Legislative elections were held in France on 21 October 1945 to elect a Constituent Assembly to draft a constitution for a Fourth French Republic. 79.83% of voters participated. Women and soldiers were allowed to vote. 522 seats were elected through proportional representation.
On 21 October 1945, the French voters were called to make two choices: the election of their deputies and a referendum in order to authorize the elected National Assembly to prepare a new constitutional text. De Gaulle and the "Three parties alliance called for a "Yes" vote, whereas the Radicals and the Conservatives campaigned for a "No".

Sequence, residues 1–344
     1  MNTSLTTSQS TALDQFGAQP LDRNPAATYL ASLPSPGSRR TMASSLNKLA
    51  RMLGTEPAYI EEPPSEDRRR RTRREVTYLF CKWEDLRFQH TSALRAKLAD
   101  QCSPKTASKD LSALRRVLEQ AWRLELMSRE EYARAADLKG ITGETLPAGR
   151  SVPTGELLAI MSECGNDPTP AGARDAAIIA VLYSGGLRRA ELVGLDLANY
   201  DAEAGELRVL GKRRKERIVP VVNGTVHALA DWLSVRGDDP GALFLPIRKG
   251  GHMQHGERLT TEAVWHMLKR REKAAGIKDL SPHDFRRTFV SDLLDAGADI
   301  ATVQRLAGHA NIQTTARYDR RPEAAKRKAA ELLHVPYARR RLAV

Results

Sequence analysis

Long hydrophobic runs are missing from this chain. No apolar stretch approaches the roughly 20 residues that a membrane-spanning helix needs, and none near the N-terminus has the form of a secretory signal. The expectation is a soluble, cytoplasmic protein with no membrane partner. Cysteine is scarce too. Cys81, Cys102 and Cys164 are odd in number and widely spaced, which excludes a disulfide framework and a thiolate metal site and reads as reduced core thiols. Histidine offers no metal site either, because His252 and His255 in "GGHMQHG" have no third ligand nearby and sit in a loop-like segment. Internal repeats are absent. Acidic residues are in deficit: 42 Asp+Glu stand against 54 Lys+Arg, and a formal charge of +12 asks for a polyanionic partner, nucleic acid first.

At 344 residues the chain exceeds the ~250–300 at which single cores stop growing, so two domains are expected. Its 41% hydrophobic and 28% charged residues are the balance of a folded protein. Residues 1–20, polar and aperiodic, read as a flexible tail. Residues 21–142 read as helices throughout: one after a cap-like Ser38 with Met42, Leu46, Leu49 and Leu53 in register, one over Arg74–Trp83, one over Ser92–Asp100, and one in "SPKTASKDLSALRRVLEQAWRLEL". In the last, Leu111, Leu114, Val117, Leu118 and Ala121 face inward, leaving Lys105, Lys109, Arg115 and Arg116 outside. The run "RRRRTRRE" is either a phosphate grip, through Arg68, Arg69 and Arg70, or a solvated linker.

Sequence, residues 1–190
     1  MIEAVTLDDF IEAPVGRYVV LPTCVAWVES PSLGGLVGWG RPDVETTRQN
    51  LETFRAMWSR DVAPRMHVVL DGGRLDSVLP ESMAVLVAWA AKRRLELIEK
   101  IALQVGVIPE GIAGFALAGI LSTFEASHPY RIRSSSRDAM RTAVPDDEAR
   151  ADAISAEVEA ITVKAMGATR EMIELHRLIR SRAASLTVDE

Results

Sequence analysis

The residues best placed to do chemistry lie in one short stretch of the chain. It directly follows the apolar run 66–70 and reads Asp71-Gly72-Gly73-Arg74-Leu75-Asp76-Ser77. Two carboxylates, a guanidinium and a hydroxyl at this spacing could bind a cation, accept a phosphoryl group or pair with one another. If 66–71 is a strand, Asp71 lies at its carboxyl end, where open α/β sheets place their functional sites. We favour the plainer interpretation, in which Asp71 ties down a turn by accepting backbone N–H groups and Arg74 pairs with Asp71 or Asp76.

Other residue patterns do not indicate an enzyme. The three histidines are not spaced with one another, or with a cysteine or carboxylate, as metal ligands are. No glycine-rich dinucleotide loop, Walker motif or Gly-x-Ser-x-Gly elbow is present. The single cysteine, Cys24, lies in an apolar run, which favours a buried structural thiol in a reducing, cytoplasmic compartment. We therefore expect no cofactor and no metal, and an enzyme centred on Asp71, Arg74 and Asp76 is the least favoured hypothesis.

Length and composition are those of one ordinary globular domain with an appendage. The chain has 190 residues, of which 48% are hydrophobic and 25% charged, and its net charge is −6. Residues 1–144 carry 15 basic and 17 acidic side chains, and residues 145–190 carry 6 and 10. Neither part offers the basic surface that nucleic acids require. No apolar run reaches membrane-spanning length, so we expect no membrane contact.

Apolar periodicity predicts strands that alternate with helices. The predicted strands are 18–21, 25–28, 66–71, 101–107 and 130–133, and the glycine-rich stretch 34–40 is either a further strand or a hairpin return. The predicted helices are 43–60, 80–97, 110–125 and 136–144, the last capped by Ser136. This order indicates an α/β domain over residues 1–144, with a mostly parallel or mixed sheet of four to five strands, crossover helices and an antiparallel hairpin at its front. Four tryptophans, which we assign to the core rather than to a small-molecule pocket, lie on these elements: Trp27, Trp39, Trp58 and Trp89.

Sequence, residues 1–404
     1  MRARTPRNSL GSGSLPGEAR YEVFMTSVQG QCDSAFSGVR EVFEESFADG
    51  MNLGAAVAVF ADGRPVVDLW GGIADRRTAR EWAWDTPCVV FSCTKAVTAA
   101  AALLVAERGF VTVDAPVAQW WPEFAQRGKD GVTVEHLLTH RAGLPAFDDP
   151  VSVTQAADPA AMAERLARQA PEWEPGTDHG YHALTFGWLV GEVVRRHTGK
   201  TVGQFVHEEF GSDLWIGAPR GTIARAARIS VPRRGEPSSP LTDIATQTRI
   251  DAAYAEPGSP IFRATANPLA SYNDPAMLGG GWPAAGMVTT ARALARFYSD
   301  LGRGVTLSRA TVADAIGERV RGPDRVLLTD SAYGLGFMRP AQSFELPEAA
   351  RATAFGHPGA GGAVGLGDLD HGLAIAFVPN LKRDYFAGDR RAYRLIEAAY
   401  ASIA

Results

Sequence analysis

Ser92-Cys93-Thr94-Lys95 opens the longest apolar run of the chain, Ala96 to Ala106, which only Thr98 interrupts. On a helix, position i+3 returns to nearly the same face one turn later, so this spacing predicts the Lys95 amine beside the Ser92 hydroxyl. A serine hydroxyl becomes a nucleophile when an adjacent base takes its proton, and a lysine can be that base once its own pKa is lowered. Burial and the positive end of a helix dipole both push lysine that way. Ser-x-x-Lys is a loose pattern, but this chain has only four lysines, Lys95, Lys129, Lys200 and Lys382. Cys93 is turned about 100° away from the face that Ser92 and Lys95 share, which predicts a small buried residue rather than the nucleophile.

Unsurprisingly, the "Three-parties alliance" won a large majority in the National Assembly. The Radical Party, which had been the leading party of the left in the Third Republic, suffered a catastrophic result, and the right was equally destroyed (because of its support of Marshal Philippe Pétain). They appeared as being the forces of the past, as symbols of capitulation to Nazi Germany and the regime which collapsed in 1940. The French Communist Party, which had already doubled its score in the previous 1936 elections, came out on top with around 26% of votes and 159 seats. While the PCF and SFIO favored a unicameral parliamentary regime, the MRP favored a bicameral legislature. De Gaulle advocated a presidential government. He resigned in January 1946. The PCF and SFIO proposals were rejected in the 5 May 1946 referendum. This assembly was dissolved.